By running campaigns that strongly aligned with the brand's vision — helping the world capture and share itself in immersive and exciting ways — GoPro cemented its identity in the niche audience segment.
By 2007, GoPro augmented its product — which could only capture videos — with the launch of Hero3, which could capture photographs and go up to 100 feet under water. This made the product popular amongst scuba divers who had to depend on bulky professional equipment for photos and videography.
GoPro stuck to communicating with this niche audience till 2007 and created a loyal community of customers who were constantly creating content using the product. They also faced little to no competition as they had established themselves in the action-camera category.
A major factor that sustained GoPro while other competitors like Sony and Ion created their own action cameras was the community GoPro had built around the product. Apart from an active social media push, and user-generated contests, GoPro also started aiming to serve a wider audience base.
With this in mind, the brand started using visual social-media platforms like Pinterest, Instagram and YouTube to create pockets of community that had interests other than thrill-seeking. On these platforms, the audience could see a product known primarily for its association with extreme sports incorporated into regular scenarios they could relate to.
And the larger audience had no problem trusting the quality of the product, as it had been tried and tested by the most extreme user base first: the adventure junkies.“If people doing extreme sports can use this camera, I can surely use it too!”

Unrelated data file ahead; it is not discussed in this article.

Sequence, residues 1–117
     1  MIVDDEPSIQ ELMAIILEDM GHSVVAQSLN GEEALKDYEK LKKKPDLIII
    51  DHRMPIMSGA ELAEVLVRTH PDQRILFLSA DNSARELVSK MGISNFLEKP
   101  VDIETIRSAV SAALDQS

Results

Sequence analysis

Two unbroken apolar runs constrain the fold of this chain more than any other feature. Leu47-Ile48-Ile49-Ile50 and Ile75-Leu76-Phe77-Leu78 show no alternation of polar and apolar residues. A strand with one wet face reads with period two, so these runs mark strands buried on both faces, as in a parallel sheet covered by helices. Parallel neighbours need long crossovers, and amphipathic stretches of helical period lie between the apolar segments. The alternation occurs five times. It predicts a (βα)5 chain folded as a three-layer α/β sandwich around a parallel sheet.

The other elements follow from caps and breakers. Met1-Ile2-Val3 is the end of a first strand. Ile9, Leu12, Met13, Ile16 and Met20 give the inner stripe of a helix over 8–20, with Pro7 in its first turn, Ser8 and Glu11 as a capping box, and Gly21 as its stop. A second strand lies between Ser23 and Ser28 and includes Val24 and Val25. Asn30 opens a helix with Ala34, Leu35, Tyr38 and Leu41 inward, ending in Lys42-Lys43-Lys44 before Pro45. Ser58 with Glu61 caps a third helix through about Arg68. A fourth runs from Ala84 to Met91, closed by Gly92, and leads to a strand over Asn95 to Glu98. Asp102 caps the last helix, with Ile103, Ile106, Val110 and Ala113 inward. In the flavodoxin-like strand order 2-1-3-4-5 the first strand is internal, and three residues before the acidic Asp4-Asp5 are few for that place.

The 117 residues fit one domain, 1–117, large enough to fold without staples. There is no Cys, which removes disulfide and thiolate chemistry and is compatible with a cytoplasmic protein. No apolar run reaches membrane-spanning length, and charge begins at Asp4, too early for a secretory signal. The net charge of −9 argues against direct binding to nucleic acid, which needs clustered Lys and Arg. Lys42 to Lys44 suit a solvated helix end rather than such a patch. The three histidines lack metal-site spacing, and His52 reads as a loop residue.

One such expansion is seen in the popularity of its channels dedicated to “Furry Friends“ and “Wild Animals”, which feature adorable scenarios with puppies and kittens to captivate a larger mass audience.
A video titled “It's Always Sunny in Walter's World” showcases a dog joyfully navigating a maze-like path before leaping into the ocean, accumulating over 1.1 million views.
Additionally, GoPro's Life's Moments channel captures heartwarming events involving children, ranging from lively pool parties to a young boy's milestone of riding a bike without training wheels for the first time.
This deliberate approach taken by GoPro, focusing on engaging with peripheral audiences through relatable content, exemplifies the company's content marketing strategy — go deep and then go wide. By focusing on a clearly defined audience and creating relevant content buckets for the new audience GoPro wished to serve, it became a product more users wanted to use.
With the content generated by the niche, thrill-seeking audience, GoPro created aspiration around travel and adventure. Since this content was created by its customers, it didn't feel promotional. This user-generated content strategy by niche users made the product desirable to even people who didn’t professionally pursue adventure or photography, but simply wanted a small and sturdy camera that did not get in their way while they went about documenting their life experiences.
A common thread running through all of GoPro’s marketing efforts is celebrating its target audience.
A professional camera has a bit of a learning curve and can only lend itself to a smaller market. Additionally, the narrative weaved around most camera products speaks to a professional.